In 1953, Stanley Miller and Howard Urey performed a classic experiment in which they circulated methane, ammonia, water vapor, and hydrogen gas in a closed environment and passed electric sparks through it. After several days, they discovered that complex compounds of carbon had formed in the mixture. Their experiments indicated that in the primitive earth atmosphere, complex organic molecules could form, including amino acids, carbohydrates, and nucleic acids. The theory they expressed is the primordial soup theory [which has been almost universally rejected by modern evolutionists 1].
Recent theories about the origin of organic molecules suggest that these molecules may have formed in hydrothermal vents deep in the oceans, where hot gases and elements emerge from cracks in the earth’s crust. Living organisms have been found near these vents, lending credence to the theory. [Living organisms have been found everywhere on Earth. Does that make it credible to believe life began everywhere?]
Origin of Cells
The appearance of the first cells marked the origin of life on earth. However, before cells could form, the organic molecules must have united with one another to form complex molecules called polymers. Examples of polymers are polysaccharides and proteins.
In the 1950s, Sidney Fox placed amino acids in primitive earth conditions and showed that amino acids would unite to form polymers called proteinoids. The proteinoids were apparently able to act as enzymes and catalyze organic reactions. [But the “primitive earth conditions” that scientists believed in the 1950s have been rejected by modern scientists, so Fox’s experiment is irrelevant. Miller’s and Fox’s experiments are still taught to students because evolutionists haven’t come up with anything better in the last 50 years.]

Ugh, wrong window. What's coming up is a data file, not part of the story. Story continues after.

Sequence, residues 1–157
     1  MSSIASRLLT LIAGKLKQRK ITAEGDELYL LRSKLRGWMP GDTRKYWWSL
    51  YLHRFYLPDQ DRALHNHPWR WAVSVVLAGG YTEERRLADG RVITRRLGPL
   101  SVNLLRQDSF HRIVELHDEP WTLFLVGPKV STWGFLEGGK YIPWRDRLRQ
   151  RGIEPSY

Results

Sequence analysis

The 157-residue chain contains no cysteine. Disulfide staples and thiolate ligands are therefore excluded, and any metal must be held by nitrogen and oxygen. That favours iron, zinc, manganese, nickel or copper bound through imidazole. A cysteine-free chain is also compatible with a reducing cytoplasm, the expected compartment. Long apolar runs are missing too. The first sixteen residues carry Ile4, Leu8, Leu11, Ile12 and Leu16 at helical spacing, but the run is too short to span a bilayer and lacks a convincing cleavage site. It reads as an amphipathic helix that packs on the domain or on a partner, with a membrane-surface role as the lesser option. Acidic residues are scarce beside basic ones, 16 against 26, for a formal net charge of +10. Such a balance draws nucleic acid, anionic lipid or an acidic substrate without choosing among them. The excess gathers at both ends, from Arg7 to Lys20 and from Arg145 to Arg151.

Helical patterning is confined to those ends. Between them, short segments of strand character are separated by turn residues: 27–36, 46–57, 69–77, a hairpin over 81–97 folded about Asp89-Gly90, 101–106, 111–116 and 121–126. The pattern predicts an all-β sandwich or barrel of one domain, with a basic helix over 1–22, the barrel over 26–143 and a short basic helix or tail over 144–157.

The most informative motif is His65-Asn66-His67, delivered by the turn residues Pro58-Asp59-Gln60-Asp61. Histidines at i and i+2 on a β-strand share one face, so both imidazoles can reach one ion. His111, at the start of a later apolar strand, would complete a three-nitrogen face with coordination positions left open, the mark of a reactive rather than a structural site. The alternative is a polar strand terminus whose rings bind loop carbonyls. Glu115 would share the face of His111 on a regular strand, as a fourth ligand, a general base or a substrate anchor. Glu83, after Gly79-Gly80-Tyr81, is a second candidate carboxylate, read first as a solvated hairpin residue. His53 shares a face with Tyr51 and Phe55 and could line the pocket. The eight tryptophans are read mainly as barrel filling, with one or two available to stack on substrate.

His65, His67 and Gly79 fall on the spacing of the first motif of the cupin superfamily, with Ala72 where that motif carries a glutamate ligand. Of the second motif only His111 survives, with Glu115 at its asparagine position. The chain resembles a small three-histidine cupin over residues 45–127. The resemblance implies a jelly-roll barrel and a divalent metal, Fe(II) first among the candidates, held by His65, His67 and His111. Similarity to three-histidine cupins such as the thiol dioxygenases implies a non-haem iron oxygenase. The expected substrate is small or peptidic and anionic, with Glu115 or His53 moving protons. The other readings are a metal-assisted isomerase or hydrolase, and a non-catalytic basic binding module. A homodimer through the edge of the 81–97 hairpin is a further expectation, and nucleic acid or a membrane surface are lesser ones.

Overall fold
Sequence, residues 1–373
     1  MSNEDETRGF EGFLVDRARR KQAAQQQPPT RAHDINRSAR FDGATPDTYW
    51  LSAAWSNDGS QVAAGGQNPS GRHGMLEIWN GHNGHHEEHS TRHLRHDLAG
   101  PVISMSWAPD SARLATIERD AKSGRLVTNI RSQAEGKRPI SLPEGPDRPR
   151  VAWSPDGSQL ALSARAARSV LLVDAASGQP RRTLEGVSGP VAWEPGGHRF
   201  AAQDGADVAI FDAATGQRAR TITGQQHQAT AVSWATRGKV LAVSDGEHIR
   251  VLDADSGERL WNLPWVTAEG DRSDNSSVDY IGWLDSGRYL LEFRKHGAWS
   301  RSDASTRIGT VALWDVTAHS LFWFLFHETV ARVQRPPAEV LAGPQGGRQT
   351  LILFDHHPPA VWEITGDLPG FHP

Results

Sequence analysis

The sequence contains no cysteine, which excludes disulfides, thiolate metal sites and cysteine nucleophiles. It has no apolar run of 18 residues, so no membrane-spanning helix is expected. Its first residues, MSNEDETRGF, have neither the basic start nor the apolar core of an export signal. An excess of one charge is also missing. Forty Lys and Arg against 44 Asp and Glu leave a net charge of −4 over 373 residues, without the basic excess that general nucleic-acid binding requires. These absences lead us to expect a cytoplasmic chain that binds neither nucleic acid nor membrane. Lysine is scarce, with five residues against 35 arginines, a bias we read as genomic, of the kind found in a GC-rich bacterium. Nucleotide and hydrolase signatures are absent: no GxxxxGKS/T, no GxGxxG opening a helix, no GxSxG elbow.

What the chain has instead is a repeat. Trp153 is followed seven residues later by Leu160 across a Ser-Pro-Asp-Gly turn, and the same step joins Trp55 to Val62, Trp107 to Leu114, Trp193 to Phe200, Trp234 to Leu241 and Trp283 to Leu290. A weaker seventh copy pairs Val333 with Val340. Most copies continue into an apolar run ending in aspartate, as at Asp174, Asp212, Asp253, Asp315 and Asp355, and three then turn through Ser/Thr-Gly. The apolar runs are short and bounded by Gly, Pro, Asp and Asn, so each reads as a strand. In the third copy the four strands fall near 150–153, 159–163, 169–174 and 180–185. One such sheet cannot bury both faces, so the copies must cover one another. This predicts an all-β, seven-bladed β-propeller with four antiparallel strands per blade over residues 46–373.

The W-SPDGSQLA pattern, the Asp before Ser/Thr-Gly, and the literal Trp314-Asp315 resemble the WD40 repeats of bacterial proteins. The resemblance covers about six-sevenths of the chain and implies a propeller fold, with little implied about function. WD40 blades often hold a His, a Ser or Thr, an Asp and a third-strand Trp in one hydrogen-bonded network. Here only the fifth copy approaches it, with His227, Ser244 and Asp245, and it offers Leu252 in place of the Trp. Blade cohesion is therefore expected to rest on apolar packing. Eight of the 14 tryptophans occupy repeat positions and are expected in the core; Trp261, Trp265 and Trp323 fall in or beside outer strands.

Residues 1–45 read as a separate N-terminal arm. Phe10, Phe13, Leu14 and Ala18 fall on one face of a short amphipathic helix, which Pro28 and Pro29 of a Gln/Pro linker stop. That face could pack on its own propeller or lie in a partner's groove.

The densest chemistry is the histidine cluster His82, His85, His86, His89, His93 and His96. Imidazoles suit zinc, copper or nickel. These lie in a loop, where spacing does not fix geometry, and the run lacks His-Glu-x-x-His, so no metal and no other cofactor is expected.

More recent evidence indicates that the RNA molecules have the ability to direct the synthesis of new RNA molecules as well as DNA molecules. Because DNA provides the genetic code for protein synthesis, it is conceivable that DNA may have formed in the primitive earth environment as a consequence of RNA activity. Then DNA activity could have led to protein synthesis (see Chapter 10). [This is the controversial “RNA World” hypothesis. There are significant scientific problems with this hypothesis. Most notably, if RNA is synthesized by RNA, where did the first RNA come from?]
For a cell to come into being, some sort of enclosing membrane is required to hold together the organic materials of the cytoplasm. A generation ago, scientists believed that membranous droplets formed spontaneously. These membranous droplets called protocells were presumed to be the first cell. Modern scientists believe, however, that protocells do not carry any genetic information and lack the internal organization of cells. Thus the protocell theory is not widely accepted. Several groups of scientists are currently investigating the synthesis of polypeptides and short nucleic acids on the surface of clay. The first cells remain a mystery.
Earth came into existence about 4.6 billion years ago, and about 3.8 billion years ago, the evolution of chemicals began. Scientists estimate that at about 3.5 billion years ago, the first cells were in existence. 2